I’m Tracy Barnett, the founding editor behind The Esperanza Project. In this magazine we are bringing you the voices of changemakers all across the Americas — the place our predecessors call Turtle Island. We’re seeking out and sharing thought-provoking alternative voices, indigenous voices connected to their ancestral lands, steadfast voices of human rights and environmental defenders on the frontlines from Standing Rock to the Mexican border, from the Amazon to Patagonia. We are sharing the visions and experiences of people who are working on solutions, not just talking about the problems. And we are sharing those messages across borders — geographic, cultural, and psychological —that are very much needing to be shared.
Ten years ago, I strapped on a backpack and made a year-long journey through Latin America in search of hope. That journey changed my outlook on everything. I learned that we in the North ignore our Southern counterparts to our loss and to our peril. We have effectively invisibilized everything below the shoulders of the body of our continent. And at the same time, we’ve shut out the discourse of the majority of our own hemisphere, including the very people our civilization was built on.
I am convinced that instead of walling ourselves off, we should be transcending those borders — like the monarch, and like our ancestors in the days before those borders ever existed. We need each other, now more than ever. We need to learn from each other — and, in fact, our survival depends on it. That’s what The Esperanza Project is about: Bridging the differences across Turtle Island and bringing us back together again, North and South connected — as in the ancient Eagle and Condor prophecies, as it was before the European conquest.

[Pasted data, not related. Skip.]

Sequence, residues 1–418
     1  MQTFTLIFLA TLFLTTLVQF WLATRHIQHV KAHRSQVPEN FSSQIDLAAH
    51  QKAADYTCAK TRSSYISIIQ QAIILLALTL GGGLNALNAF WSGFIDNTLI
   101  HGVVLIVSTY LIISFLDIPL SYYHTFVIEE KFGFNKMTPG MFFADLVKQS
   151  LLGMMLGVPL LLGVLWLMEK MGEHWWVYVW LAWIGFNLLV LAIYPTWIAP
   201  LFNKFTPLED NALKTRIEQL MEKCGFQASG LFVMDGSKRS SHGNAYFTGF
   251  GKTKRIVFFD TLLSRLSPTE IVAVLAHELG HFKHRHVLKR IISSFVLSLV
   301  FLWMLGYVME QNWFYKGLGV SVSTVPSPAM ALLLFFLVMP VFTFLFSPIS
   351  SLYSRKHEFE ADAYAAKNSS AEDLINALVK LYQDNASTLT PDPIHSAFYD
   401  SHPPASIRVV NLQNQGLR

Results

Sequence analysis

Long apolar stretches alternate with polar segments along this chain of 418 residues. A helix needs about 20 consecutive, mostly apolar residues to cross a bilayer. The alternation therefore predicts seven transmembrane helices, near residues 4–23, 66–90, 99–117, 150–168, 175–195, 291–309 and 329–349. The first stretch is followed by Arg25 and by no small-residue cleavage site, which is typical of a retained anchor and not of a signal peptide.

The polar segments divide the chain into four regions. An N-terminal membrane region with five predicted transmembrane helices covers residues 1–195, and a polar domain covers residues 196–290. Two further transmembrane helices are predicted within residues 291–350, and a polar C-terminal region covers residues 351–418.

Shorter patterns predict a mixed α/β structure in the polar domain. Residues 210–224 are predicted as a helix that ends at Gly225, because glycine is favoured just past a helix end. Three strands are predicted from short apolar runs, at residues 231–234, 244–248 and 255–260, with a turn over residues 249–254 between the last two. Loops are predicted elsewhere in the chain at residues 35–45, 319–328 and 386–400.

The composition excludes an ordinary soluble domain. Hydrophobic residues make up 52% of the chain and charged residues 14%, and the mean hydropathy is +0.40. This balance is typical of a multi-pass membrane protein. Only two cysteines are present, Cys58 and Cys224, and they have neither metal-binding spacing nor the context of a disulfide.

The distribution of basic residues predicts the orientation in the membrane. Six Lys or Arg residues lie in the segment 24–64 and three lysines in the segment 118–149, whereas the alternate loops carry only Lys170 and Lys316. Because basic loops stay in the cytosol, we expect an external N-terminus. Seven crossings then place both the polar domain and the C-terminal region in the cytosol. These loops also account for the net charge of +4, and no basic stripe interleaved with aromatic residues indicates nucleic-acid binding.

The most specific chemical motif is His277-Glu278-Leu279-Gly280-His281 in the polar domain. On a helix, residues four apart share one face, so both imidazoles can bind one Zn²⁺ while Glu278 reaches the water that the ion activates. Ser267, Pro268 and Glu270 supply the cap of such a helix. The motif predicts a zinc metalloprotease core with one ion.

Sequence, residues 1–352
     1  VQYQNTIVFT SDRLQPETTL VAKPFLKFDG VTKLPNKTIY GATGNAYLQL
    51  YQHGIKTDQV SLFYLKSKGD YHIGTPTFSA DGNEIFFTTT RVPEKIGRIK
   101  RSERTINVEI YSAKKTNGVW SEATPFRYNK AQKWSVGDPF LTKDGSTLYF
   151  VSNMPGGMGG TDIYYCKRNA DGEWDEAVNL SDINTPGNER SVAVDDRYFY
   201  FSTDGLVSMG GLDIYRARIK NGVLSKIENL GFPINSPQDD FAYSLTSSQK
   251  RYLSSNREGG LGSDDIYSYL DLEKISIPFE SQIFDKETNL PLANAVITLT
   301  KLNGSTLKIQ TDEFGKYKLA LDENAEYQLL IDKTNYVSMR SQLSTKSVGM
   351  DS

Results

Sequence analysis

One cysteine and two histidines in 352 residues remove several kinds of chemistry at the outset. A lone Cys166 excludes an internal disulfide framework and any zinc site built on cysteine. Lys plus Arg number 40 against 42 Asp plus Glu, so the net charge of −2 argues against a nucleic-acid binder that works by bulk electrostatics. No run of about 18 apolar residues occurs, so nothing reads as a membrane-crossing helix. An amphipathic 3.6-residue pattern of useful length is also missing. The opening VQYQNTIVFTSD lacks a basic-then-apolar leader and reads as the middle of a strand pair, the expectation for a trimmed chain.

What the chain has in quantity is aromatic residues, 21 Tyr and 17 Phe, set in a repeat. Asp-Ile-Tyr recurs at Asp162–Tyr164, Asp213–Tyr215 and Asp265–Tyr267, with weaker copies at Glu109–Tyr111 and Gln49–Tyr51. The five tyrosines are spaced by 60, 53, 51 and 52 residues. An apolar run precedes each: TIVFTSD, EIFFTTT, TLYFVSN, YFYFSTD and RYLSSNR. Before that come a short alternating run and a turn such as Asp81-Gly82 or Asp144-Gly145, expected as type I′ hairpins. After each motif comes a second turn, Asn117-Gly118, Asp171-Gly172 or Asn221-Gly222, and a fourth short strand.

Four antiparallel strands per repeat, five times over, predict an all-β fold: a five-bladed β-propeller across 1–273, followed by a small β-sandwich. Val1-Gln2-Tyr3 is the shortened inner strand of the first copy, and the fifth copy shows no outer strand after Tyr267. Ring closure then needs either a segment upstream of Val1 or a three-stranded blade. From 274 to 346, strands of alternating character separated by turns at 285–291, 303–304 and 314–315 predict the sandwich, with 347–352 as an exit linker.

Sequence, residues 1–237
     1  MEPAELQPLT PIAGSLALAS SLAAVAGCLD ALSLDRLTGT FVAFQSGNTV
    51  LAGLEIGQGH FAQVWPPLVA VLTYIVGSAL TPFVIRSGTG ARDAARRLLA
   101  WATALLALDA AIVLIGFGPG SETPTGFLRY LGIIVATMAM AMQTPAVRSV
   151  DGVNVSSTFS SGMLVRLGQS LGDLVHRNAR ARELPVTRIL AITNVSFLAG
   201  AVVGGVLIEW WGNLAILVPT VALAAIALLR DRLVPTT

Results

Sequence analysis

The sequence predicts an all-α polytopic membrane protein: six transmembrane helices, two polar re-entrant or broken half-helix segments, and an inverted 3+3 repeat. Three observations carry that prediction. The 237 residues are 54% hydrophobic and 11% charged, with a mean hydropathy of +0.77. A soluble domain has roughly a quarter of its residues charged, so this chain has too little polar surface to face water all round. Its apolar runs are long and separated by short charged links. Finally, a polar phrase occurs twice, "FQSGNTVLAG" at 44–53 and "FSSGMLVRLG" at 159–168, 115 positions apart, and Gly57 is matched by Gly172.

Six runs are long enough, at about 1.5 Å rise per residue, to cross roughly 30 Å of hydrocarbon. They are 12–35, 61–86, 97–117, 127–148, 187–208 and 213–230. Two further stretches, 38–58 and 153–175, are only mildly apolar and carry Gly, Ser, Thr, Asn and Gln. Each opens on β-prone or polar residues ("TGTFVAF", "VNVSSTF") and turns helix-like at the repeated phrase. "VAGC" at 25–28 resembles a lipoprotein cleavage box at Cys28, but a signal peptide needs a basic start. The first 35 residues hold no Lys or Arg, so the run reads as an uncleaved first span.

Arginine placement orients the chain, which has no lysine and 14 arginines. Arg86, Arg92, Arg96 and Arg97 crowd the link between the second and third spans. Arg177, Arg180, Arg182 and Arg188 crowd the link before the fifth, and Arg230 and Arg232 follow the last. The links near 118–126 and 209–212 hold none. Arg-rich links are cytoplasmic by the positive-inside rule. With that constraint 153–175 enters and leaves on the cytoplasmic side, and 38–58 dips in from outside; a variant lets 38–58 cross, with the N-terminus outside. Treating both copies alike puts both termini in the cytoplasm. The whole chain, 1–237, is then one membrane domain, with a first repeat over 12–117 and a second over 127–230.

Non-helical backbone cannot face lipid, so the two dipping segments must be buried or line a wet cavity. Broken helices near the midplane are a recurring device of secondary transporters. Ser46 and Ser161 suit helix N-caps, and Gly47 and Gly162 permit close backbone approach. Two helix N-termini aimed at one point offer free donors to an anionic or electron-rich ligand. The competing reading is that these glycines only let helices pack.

The problems we face are global as well as local, and we will need to join forces internationally to shift toward a culture of life. And we at Esperanza are here to help connect us with each other, to share our stories, and to put things in a can-do, solutions-oriented, social and environmental justice focus. Besides bringing you stories you won’t read anywhere else, what we’re also doing here is creating a community of support for these innovators, storytellers and Earth defenders who believe a better world is possible, that the planet is worth fighting for, and that the next generation of children deserve to inherit a living, breathing and vibrant Earth, still home to the intricate web of life that nurtures us all.